Money Diary: A Junior Doctor In Manchester On 34k

Welcome to Money Diaries, where we're tackling what might be the last taboo facing modern working women: money. We're asking a cross-section of women how they spend their hard-earned money during a seven-day period – and we're tracking every last penny.
This week: "I'm a 25-year-old junior doctor, living in Manchester and currently working in women’s health. I’ve lived alone for most of the year and I actually love the solace and contentment it brings. Living on my own has been a big adjustment both financially and socially but I'm slowly trying to rebuild my savings while maintaining an active social and dating life."
Occupation: Doctor
Industry: Healthcare
Age: 25
Location: Manchester
Salary: £34,000 base pay and £12,000 unsociable/additional hours pay.
Paycheque amount: £2,350 after pension deductions, student finance.
Number of housemates: Zero humans. Many scarily large spiders lurking in corners.
Pronouns: She/her
Monthly Expenses
Housing costs: £795 rent for a two-bed house.
Loan payments: My student loan is usually just under £300 for both undergrad and postgrad loans. I pay my credit card off in full every month and use it sporadically when I remember I should be bettering my credit score.
Pension? I have an NHS pension so pay the 9.3% into this, which comes out of my paycheque each month.
Savings? £4,500 in an ISA, £3,200 in a Lifetime ISA. I have about £700 total in Monzo pots earmarked for my car insurance and Christmas presents. I usually aim to save £200-300 a month into the ISAs and £100 a month into the Monzo pots. I’ll put a bit more in if I do any locum shifts.
Utilities: £27.27 water, £119 energy, £125 council tax, £21 internet.
All other monthly expenses: £10 mobile phone SIM only. £20 gym, £20 contact lenses, £19.99 BMA (British Medical Association, the doctors' union) fees, £3.66 contents insurance, £18.99 road tax. Subscriptions: I use our Spotify family plan, split Amazon Prime annually with my brother and also use his Disney+.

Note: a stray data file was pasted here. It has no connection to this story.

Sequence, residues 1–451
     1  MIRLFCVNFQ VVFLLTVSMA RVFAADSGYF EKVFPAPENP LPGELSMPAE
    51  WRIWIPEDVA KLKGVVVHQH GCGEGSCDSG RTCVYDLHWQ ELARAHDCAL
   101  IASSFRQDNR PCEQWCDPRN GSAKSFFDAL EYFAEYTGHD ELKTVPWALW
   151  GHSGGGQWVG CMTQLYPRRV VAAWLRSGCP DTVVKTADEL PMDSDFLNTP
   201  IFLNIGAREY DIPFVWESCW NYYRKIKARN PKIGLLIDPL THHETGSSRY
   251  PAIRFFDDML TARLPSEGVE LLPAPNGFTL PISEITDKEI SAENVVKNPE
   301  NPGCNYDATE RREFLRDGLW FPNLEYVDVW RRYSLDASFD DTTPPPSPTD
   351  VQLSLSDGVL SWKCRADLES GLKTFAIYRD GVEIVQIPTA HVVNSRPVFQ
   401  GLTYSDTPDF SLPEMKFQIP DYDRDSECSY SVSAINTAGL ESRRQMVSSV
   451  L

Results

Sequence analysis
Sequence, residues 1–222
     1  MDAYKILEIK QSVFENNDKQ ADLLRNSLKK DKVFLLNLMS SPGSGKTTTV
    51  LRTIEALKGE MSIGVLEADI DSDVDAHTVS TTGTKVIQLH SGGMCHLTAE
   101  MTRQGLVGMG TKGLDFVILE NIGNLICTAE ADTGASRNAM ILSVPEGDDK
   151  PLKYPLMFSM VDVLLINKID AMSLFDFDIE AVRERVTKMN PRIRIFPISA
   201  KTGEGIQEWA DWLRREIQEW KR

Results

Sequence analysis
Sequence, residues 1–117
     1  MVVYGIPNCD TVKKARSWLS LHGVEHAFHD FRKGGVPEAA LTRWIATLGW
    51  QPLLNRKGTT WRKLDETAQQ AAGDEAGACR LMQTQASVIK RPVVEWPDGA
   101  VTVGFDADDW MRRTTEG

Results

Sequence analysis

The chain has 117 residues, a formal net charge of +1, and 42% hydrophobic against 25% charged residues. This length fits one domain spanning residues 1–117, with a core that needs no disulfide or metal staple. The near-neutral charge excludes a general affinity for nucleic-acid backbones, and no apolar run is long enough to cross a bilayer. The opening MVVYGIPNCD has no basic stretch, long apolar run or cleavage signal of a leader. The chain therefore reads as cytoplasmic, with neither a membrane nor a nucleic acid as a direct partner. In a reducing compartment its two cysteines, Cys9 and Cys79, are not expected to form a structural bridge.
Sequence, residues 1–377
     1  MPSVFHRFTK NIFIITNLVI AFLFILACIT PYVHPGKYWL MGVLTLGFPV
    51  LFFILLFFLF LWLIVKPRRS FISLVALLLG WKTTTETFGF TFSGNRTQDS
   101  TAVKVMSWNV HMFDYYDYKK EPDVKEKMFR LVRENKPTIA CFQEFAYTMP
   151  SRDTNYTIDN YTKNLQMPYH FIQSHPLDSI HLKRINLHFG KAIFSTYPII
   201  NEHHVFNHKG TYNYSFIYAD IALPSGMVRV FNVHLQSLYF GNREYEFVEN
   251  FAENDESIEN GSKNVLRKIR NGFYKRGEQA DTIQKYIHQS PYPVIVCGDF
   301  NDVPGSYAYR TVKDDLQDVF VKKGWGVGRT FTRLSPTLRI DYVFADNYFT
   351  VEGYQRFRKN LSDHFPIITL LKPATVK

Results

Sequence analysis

Did you participate in any form of higher education? If yes, how did you pay for it?
I did a five-year undergraduate medical degree and an intercalated master's in the middle of this. I paid for it using student finance and the NHS bursary for my final two years of medicine. I also received a one-off, means-tested bursary from my university in first year.
Growing up, what kind of conversations did you have about money?
Money was pretty tight most of my childhood as we were a single-parent family. I think I am quite thrifty as a result and I try to cook economically and love discount codes. We didn’t have lots of conversations about money except to say there was a lack of it so I suppose most of my learning was passive.
If you have, when did you move out of your parents'/guardians' house?
I moved out for university at 18 and haven’t really lived at home since, except briefly in lockdown.
At what age did you become financially responsible for yourself? Does anyone else cover any aspects of your financial life?
I would say I became financially responsible aged 18 when I went to uni. I worked throughout uni, particularly in the holidays. However, I suppose I became truly financially responsible when I graduated and moved away last year.
What was your first job and why did you get it?
I’ve had so many! I think my first job was as a waitress in a cafe aged 16 but I have worked in pubs and tutoring science since. I wanted to learn to drive so I needed a job to pay for lessons.
Do you worry about money now?
Yes I do. I am fortunate with my salary but living alone was a big financial commitment that I'm still adjusting to. I remind myself that it is worth it for my mental wellbeing, even though my other high expenses like GMC (General Medical Council) fees and travel can be a bit of a hit.
Do you or have you ever received passive or inherited income?
My dad gave me £5,000 for my master's degree. I have included this for posterity but I don’t really count it as he didn’t pay child support for years so in my head it’s more like a delayed payment.

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